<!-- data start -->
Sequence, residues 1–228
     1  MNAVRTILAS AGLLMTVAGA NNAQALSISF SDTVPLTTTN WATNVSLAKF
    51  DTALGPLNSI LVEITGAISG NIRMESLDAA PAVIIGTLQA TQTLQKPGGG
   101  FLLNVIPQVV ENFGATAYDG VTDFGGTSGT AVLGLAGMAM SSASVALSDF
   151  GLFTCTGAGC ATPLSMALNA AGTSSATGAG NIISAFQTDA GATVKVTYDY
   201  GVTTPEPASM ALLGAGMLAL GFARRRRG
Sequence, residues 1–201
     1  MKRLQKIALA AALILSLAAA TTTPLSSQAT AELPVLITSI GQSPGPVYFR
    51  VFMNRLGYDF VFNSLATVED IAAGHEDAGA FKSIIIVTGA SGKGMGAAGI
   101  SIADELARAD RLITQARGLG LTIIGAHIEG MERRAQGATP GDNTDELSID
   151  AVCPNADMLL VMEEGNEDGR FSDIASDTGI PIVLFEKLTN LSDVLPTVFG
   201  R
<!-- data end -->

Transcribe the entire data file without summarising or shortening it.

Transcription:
Sequence, residues 1–228
     1  MNAVRTILAS AGLLMTVAGA NNAQALSISF SDTVPLTTTN WATNVSLAKF
    51  DTALGPLNSI LVEITGAISG NIRMESLDAA PAVIIGTLQA TQTLQKPGGG
   101  FLLNVIPQVV ENFGATAYDG VTDFGGTSGT AVLGLAGMAM SSASVALSDF
   151  GLFTCTGAGC ATPLSMALNA AGTSSATGAG NIISAFQTDA GATVKVTYDY
   201  GVTTPEPASM ALLGAGMLAL GFARRRRG
Sequence, residues 1–201
     1  MKRLQKIALA AALILSLAAA TTTPLSSQAT AELPVLITSI GQSPGPVYFR
    51  VFMNRLGYDF VFNSLATVED IAAGHEDAGA FKSIIIVTGA SGKGMGAAGI
   101  SIADELARAD RLITQARGLG LTIIGAHIEG MERRAQGATP GDNTDELSID
   151  AVCPNADMLL VMEEGNEDGR FSDIASDTGI PIVLFEKLTN LSDVLPTVFG
   201  R